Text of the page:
December 15, 2016
Preventing catastrophe: A global agenda for stopping the proliferation of weapons of mass destruction by non-State actors

Statement of H.E. Archbishop Bernardito Auza
Apostolic Nuncio and Permanent Observer of the Holy See to the United Nations
Security Council Open Debate on
Preventing catastrophe: A global agenda for stopping the proliferation of weapons of mass destruction by non-State actors
New York, 15 December 2016

Mr. President,

The Holy See is grateful that the Presidency of Spain has brought the important subject of stopping the proliferation of weapons of mass destruction by non-State actors to the deliberation of this Council and to the attention of the International Community.

The involvement of non-State actors in wars and conflicts has been increasing lately and this has had horrendous effects on civilian populations, most especially women, children, the elderly and the disabled. Non-State actors use weapons of mass destruction (WMDs) with impunity and in total lawlessness, showing little or no regard for civilian immunity, for proportionality and for the discrimination between combatants and non-combatants. Today the staggering numbers of refugees and forced migrants worldwide bears witness to the devastation wrought by WMDs, along with frightfully potent conventional weapons.

Mr. President,

My delegation wishes to reiterate the Holy See’s constant and firm opposition to the production and use of weapons of mass destruction. Any act, any weapon that aims indiscriminately to destroy entire cities or extensive areas, together with their inhabitants, is against all international humanitarian law and all ideas of civilization, and merits unequivocal, unqualified and unhesitating condemnation.

The Holy See notes with grave concern that technological advances in the destructive power of weapons systems produces ever more frightening catastrophes for innocent civilian populations. Just a little more than a week ago, Pope Francis observed, “We say ‘Never again’ but at the same time we produce weapons and sell them to those who are at war with one another.”[1] This gifting and selling of arms takes place at different levels. Some States supply arms to client States even with the knowledge that they will be used to perpetuate mass atrocities, suppress fundamental human rights and turn back the development of entire peoples and nations. Transactions are often carried out through international crime syndicates, which, as Pope Francis stated last week, is “an easy way to grow rich, but the price is very steep: blood.”[2] Fighting and defeating the illegal and criminal arms trade is fundamental to preventing non-State actors from possessing and using weapons of mass destruction, and thereby to preventing the atrocities they will use those arms to commit. Strengthening relevant laws and conventions at the multilateral, bilateral and national levels is a necessary step in the right direction.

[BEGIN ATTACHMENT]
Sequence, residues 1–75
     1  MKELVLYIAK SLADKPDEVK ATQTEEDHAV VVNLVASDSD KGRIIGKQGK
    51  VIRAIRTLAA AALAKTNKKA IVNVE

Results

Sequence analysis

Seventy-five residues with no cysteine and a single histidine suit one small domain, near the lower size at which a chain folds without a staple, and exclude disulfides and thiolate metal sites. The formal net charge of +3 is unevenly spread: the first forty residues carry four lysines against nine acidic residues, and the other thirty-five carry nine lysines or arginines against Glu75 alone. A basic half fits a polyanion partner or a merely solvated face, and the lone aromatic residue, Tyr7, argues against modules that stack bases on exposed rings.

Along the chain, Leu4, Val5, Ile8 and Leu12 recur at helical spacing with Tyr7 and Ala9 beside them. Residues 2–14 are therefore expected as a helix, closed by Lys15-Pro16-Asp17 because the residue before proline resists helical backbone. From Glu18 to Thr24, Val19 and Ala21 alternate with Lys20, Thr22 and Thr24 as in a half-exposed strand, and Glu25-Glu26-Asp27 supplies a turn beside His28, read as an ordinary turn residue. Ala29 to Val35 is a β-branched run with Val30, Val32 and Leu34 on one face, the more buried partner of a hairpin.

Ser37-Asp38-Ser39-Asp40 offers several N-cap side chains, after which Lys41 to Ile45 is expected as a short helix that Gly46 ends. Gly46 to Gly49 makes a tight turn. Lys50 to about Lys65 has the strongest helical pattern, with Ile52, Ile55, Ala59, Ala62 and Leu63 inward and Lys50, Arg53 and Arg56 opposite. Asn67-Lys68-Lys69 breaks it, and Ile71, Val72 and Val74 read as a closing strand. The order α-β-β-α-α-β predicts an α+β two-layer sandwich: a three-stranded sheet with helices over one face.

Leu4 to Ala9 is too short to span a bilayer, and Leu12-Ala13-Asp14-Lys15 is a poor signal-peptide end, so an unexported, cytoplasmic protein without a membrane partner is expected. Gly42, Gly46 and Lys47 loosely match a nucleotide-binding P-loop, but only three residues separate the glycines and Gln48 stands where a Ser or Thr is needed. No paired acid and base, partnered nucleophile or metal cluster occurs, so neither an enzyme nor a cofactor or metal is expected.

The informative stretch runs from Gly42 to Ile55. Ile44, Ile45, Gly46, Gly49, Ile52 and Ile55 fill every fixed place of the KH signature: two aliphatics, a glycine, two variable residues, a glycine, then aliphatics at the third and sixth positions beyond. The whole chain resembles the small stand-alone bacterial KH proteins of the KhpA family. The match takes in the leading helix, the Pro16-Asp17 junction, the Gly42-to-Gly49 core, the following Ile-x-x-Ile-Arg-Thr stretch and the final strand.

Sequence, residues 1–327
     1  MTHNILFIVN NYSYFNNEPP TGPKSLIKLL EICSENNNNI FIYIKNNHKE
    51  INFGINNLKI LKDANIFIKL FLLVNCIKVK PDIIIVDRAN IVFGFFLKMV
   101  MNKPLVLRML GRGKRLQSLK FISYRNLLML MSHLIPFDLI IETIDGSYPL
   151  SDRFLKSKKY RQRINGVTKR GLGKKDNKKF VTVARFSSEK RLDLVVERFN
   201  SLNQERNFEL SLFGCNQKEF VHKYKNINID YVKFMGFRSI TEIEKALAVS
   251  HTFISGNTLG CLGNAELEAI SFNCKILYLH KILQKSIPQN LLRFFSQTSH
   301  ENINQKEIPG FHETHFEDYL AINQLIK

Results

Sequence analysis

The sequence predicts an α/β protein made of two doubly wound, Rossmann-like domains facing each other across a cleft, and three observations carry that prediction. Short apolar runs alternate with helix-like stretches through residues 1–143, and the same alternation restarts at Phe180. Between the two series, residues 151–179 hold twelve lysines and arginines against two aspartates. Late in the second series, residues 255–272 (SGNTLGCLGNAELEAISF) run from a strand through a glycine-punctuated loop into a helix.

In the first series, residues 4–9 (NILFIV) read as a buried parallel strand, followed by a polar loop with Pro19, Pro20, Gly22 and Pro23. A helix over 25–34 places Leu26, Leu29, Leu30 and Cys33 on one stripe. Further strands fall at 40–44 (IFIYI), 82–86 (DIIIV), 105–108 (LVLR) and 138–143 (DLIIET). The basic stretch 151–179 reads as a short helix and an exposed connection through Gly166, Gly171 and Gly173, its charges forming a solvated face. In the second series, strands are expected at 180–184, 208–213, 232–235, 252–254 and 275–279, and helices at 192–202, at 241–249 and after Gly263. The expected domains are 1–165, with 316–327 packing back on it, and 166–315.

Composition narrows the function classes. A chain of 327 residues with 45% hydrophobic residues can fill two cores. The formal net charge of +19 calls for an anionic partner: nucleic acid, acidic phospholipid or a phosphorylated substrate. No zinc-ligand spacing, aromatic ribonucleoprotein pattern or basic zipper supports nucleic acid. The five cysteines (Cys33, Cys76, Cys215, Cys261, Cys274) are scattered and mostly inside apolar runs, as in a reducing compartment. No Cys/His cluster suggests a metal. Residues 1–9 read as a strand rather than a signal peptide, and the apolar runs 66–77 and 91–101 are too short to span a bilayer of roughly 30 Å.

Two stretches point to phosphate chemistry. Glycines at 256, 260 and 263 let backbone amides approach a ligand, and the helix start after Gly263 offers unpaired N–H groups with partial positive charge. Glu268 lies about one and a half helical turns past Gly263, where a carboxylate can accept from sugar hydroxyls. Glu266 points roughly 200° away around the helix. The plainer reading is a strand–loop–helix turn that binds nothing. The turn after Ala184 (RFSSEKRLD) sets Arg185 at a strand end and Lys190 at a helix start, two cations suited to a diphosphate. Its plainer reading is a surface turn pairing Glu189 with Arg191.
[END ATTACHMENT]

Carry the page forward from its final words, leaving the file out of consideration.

Mr. President,

Business as usual with regard to policies concerning weapons of mass destruction, and all weapons systems, must be replaced with a new global ethic. Profit, geopolitical advantages at any cost and the logic of fear and mistrust must be replaced by addressing the wider security, political, economic, and cultural dynamics that lead both State and non-State actors to seek security, legitimacy, and power in the production of weapons, rather than in expending their resources to promote socio-economic development, diplomatic and political participation, respect for fundamental human rights and the rule of law, and cooperation and solidarity at the regional and international level.

The Holy See has repeatedly called on weapons-producing nations severely to limit and control the manufacture and sale of weapons and ammunition to unstable countries and regions of the world where the likelihood of their illegal use or their falling into the hands of non-State actors is a real and present danger. The proliferation of weapons, regardless of whether they are weapons of mass destruction or “merely conventional,” simply aggravates situations of conflict and results in unimaginable human suffering and material costs, profoundly undermining development and the search for lasting peace.

Non-proliferation, arms control and disarmament underpin global security, respect for human rights and sustainable development. Without them, the achievement of the much-vaunted 2030 Agenda for Sustainable Development will be seriously jeopardized. Without them, catastrophes that might have been prevented against persons and peoples will continue to occur. Without greater international and regional cooperation, especially among weapons-producing States, strictly to control and limit the movement of weapons of mass destruction, it is an illusion to talk of a global strategy to stop the proliferation of such weapons by and among non-State actors.

Thank you, Mr. President.

1. 7 December 2016, in an interview given to “Tertio”, a Catholic weekly newspaper in Belgium.
2. Idem.